The co-manager of a now-defunct record shop that specialized in traditional roots music reports the following concerning this largely unknown masterpiece, which comes in an album cover the color of a swimming pool tile: "...must have sold more than 60 copies of that one, it is the one I always suggest to a novice that wants to know what all the fuss is about oldtime music." It is doubtful one could find a more inspired collection of music from this genre, despite the fact that no really big names are in the cast and not every instrument or type of instrumental lineup associated with the music is featured. A great deal of the material is solo, although there are a few tracks where a small band is assembled. There is a surplus of banjo playing, all of it magical, as well as strong fiddling. If only a limited number of instruments were going to be allowed on the great Ark, these would be the two that make the cut -- at least that's what banjo and fiddle players keep telling themselves. In the manner of a folk festival round robin, the 27 tracks rotate between about a half-dozen participants with some auxiliary backup from time to time. Although the playing time is nowhere near evenly distributed, there is an easy flow to the sequence of songs, and a logic as well. The beautiful, melodic quality of this music is fully present here, as well as the mesmerizing trances seemingly evoked by instrumentals such as "Fortune," an astonishing performance on fretless banjo by Glen Smith. Several of the pieces are also heartfelt belly laughs, such as the opening "Cluck Old Hen," featuring the marvelous Vester Jones on banjo and vocal, or Smith's wiseacre take on "Jimmy Sutton." Fiddler Wade Ward provides a lively "Ida Red," while Smith rosins up the bow for an intense "Soldier's Joy." "Dev'lish Mary" is a rollicking delight, played by the superb fiddler Glenn Neaves with assistance from a band that includes mandolinist Ivor Melton and banjoist Ted Lundy, both crackerjack. The aforementioned "Jimmy Sutton," "Ida Red," and "Dev'lish Mary" are not the only old-timey music characters brought alive through song here. In fact, one of the really enjoyable aspects of this collection is just how many songs are based on folk or local characters -- "Handsome Molly," "Tom Dooley," the notorious "Johnson Boys," and "Poor Ellen Smith," are just a few of the characters coming to life in this world so vividly imagined and portrayed. There are many other highlights here, and old-timey music enthusiasts will no doubt find something special about each of the performances.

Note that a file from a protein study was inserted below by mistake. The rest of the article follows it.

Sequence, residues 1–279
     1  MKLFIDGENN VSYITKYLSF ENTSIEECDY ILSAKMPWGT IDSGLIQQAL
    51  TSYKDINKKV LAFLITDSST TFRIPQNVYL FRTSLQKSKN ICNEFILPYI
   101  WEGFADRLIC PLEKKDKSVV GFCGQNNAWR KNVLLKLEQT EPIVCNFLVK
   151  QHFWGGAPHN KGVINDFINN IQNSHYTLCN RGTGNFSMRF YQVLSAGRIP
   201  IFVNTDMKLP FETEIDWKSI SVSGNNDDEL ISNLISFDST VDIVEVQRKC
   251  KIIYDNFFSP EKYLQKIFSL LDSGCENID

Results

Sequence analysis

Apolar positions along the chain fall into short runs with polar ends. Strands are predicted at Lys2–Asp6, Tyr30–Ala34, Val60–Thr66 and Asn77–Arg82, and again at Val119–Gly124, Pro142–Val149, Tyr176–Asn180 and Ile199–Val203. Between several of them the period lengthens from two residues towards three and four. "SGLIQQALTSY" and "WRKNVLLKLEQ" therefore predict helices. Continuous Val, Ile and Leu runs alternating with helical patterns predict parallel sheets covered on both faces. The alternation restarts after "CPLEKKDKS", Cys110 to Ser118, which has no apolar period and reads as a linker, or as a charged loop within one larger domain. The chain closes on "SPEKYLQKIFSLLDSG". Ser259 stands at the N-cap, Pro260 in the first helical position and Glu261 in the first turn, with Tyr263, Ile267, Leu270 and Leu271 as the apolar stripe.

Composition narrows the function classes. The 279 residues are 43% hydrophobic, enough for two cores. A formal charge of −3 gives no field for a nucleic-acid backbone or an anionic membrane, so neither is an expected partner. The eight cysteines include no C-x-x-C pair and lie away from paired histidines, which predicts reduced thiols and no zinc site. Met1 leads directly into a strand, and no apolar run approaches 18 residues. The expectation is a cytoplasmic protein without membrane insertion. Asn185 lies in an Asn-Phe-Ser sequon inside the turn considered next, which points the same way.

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AllMusic Review by Eugene Chadbourne